Whatever the verdict in the courtroom, the explosive Vergara v. California case has already made an important mark on California and the nation. A group of nine brave California students and their attorneys have gone head-to-head with the state of California and the teachers unions in the past three weeks to demonstrate that although California’s constitution guarantees every child access to a quality education, a trio of stifling laws deny low-income students and students of color access to great teachers.
Now in its fourth week, the trial’s legal process and intense media scrutiny have given air to a pile of evidence on the impact of effective teachers, the destabilizing effect of seniority-based layoffs, and the startling cost and duration of dismissal proceedings. (Conversation online has intensified so much that a Twitter search for “Vergara” turns up more posts about teacher tenure, layoffs, and dismissal than Modern Family’s Sofia Vergara. To distinguish the two, many people are now using #VergaraTrial to tweet coverage and other relevant news.) Most importantly, the trial has highlighted heartbreaking disparities in access to effective teachers, including our own research finding that black and Latino students in Los Angeles are 2-3 times more likely to have a low-performing teacher than their white or Asian peers, as well as our data on the disproportionate impact of seniority-based layoffs on poor schools in three large California districts.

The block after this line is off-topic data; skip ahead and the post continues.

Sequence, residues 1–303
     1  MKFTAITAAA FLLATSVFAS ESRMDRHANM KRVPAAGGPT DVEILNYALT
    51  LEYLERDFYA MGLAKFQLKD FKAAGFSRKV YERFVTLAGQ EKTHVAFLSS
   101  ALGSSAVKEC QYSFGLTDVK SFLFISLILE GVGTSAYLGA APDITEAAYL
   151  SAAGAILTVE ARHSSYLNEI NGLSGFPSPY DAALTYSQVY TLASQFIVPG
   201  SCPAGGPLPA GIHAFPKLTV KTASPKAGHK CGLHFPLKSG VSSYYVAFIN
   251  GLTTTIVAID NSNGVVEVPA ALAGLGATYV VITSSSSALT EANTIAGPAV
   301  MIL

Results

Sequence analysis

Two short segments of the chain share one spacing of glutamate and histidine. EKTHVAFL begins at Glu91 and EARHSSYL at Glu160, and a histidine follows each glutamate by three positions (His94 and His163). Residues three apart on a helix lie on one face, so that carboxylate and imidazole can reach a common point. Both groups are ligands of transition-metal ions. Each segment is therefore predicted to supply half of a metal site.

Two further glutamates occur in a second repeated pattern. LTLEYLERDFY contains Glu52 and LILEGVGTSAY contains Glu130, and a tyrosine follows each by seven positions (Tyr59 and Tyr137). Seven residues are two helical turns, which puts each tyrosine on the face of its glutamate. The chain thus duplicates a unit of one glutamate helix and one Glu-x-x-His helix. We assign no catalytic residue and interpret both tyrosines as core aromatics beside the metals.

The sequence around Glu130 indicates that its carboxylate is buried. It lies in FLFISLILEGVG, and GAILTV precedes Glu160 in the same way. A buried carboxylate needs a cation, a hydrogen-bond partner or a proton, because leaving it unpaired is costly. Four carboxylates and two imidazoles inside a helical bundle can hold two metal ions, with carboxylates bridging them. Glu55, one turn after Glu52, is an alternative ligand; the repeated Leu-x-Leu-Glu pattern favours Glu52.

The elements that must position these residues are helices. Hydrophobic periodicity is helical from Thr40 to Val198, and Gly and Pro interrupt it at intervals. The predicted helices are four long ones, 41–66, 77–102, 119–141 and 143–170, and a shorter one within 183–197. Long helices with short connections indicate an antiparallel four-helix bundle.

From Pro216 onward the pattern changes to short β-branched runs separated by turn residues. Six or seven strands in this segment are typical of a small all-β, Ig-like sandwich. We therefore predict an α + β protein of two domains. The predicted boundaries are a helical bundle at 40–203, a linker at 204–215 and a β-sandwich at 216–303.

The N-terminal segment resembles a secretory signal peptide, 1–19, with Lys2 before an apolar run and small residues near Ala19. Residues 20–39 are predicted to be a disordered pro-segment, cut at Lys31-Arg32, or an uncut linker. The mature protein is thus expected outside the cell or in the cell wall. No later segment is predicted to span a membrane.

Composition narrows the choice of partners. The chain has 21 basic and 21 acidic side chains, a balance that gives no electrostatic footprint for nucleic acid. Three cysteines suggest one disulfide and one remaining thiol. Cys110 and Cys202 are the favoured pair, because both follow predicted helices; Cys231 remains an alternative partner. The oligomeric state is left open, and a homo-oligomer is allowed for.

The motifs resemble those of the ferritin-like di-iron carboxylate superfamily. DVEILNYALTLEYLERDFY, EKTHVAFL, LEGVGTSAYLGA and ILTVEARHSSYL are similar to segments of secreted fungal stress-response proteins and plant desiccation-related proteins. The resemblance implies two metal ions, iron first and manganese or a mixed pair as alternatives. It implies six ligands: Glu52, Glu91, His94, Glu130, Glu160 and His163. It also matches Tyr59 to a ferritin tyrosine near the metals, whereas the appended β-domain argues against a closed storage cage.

Last week, Arun Ramanathan, executive director of Ed Trust–West, shared these findings with the court. He described the achievement gaps plaguing low-income students and students of color in California and explained how the current system of layoffs exacerbates these gaps.
Humanizing this and other data, a parade of teachers and students have taken the stand in the last month to share their sometimes heart-rending stories. One Teacher of the Year described how she was laid off five times in nine years, killing much of her desire to stay in the profession. Students started their testimonies by recalling teachers who inspired them to dream and achieve at high levels, before going on to describe others who didn’t teach well. Some recounted stories of horrifyingly damaging teachers who fell asleep at their desks and called students hateful and racist names.
No student — particularly one who already faces the obstacles imposed by poverty — should be taught by such teachers. In fact, those students with less at home need more in the classroom. And no school or district leader should be forced by byzantine laws to keep ineffective teachers in their schools year after year. Yet, this is the reality in which California students live and learn every day.
This trial, regardless of the outcome, may not change that immediately. Nevertheless, it is forcing a very public and sometimes uncomfortable conversation about education equity. And that will pave the road to better, fairer educational opportunities for these nine plaintiffs, for their younger siblings, and for the millions of other California students who stand to benefit.
Carrie Hahnel leads research and policy analysis for The Education Trust–West. She focuses primarily on issues of funding equity, accountability, teacher effectiveness, and public transparency in California.